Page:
60 East 42nd Street
This Neo-Gothic addition to the urban canyon of 42nd Street came along in 1930 from the pen of architect James Edwin Ruthvin Carpenter. It was named in honor of Abraham Lincoln; at 673 feet high it may have been the largest monument ever erected to the 16th President, but far from the most important. In 2009 not only was Lincoln’s name scrubbed from the building but the bronze model of Daniel Chester French’s depiction of Lincoln for the Lincoln Memorial in Washington D.C. was hauled out of the lobby.
Bowery Savings Bank
110 East 42nd Street, between Park and Lexington avenues
The Bowery Bank took its first deposits in 1834. In 1920 directors decided to leave the Bowery and move uptown opposite the Grand Central Terminal. Edward York and Philip Sawyer, the country’s greatest bank architects, designed a mammoth Romanesque banking temple to welcome Bowery Savings to the neighborhood. Through the magnificent entry arch is an enormous banking hall 25 yards wide and 65 yards long.
Grand Central Terminal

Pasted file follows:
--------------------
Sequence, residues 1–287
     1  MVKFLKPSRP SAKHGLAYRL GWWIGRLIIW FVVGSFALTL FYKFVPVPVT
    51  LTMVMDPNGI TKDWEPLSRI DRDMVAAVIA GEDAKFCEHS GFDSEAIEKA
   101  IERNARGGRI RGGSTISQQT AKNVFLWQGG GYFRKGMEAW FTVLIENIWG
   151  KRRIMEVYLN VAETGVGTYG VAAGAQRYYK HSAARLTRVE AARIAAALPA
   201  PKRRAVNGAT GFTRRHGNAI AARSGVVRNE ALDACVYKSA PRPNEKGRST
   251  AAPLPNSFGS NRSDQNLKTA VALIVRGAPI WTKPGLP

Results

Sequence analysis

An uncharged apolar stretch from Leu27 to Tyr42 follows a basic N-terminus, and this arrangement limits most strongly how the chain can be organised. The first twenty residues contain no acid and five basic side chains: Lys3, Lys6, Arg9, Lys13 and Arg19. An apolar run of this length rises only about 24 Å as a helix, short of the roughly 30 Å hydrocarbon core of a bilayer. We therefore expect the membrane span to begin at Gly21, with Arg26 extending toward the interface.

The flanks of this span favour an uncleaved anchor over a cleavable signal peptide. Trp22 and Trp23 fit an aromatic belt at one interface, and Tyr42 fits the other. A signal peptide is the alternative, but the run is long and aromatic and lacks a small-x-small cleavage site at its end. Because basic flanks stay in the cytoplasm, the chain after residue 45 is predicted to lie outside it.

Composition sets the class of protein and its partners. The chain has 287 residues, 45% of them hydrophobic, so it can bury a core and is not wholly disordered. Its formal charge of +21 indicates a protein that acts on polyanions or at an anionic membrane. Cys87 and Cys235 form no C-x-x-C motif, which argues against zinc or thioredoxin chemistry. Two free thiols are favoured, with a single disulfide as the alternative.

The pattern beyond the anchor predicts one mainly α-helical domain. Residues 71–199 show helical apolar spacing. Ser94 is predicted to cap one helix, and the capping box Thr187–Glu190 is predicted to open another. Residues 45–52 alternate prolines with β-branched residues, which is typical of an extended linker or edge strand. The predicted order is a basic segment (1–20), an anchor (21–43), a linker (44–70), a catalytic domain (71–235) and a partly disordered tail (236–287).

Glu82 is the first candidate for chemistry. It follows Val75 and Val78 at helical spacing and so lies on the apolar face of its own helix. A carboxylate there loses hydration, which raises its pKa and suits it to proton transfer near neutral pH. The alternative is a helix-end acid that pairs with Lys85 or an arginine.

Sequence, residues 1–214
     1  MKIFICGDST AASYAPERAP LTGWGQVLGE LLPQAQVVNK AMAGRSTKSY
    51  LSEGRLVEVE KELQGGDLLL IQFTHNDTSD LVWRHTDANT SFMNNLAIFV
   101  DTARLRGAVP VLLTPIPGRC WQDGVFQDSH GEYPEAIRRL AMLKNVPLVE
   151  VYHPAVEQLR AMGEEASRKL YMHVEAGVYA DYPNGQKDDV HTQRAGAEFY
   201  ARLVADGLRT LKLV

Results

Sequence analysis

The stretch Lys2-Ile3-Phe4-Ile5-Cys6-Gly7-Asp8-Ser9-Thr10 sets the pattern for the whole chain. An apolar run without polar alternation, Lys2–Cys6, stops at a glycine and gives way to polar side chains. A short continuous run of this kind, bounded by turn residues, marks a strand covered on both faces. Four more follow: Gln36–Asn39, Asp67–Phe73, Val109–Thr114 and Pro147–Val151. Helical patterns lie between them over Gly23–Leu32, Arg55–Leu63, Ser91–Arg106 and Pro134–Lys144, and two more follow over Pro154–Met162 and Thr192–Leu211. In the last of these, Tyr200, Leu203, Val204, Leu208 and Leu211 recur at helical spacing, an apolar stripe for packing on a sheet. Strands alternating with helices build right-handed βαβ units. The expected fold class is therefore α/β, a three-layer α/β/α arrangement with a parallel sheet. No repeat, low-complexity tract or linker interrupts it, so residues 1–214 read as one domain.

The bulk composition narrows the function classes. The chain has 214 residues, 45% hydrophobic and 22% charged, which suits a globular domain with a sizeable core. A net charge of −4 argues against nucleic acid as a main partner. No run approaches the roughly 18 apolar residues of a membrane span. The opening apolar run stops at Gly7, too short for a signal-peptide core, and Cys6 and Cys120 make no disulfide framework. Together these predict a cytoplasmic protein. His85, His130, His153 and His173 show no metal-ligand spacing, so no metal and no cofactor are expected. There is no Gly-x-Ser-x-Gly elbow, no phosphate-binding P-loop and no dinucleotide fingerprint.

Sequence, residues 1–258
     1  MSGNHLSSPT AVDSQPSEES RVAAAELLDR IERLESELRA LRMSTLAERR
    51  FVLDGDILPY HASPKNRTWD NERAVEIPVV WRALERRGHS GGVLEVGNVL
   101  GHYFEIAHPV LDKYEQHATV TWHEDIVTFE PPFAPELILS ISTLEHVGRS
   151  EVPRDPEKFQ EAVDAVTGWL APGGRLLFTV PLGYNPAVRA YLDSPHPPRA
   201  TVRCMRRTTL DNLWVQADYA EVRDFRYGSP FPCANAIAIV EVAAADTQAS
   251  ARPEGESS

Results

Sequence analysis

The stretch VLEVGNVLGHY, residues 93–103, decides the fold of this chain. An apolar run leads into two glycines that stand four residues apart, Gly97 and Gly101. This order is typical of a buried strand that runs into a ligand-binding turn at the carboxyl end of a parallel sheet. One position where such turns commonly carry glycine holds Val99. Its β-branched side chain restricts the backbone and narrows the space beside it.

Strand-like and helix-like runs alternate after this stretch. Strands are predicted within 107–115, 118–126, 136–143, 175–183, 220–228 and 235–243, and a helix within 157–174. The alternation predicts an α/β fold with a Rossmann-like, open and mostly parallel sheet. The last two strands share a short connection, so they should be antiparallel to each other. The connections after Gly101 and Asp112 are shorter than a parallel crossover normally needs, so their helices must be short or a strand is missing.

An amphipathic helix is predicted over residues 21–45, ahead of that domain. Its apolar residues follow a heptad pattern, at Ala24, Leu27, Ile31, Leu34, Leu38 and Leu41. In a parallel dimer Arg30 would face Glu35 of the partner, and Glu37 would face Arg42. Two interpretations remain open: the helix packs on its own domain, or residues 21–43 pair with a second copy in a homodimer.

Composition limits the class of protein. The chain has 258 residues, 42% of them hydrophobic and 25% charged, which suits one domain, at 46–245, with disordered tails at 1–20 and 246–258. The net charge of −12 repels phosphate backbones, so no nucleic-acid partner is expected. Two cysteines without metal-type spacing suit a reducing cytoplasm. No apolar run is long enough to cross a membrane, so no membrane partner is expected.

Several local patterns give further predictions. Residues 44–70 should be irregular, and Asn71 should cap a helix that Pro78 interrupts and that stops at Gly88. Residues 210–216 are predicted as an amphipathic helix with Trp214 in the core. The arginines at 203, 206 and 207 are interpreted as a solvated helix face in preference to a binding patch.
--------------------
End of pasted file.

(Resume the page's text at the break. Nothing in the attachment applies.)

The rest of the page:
42nd Street and Park Avenue
Grand Central Terminal (often inaccurately called Grand Central Station) was built between 1903 and 1913 to house Cornelius Vanderbilt’s railroad network, consolidated in the late 19th century as the New York Central. It is the largest train station in the world by number of platforms: 44, with 67 tracks bringing trains into the terminal. They are on two levels, both below ground, with 41 tracks on the upper level and 26 on the lower. Minnesota architects Charles A. Reed and Allen H. Stem drew inspiration from Roman imperial baths for the Main Concourse, that is said to welcome more than 21 million visitors each year - whether they are boarding trains or not.
122 East 42nd Street, southwest corner of Lexington Avenue
Developer Irwin Salmon Chanin mostly loved building Broadway theaters but every now and then threw in a loft building or an office tower. This 680-foot Art Deco tower from 1929 was his best and the place where Chanin kept his private offices. Architects Robert Henderson Robertson and John Sloane infused their design with French-inspired motifs, building upon a brawny base of black Belgian marble. After 22 stories the tower begins to step back in accordance with zoning laws passed in the hope of bringing some sunlight down to the street.
150 East 42nd Street, between Lexington and Third avenues
Not many walk past the Harrison & Abramovitz and John B. Peterkin-designed tower without an opinion. Erected in 1955, the 42-story tower was the world’s first stainless steel skyscraper, dressed in some 7,000 “self-cleaning” panels. Mobil Oil, the trademark of the Standard Oil Company of New York (Socony) which was broken off from John D. Rockefeller’s Standard Oil of New Jersey in 1911 by government anti-trust busters, made its headquarters here until 1987.
405 Lexington Avenue, northeast corner of 42nd Street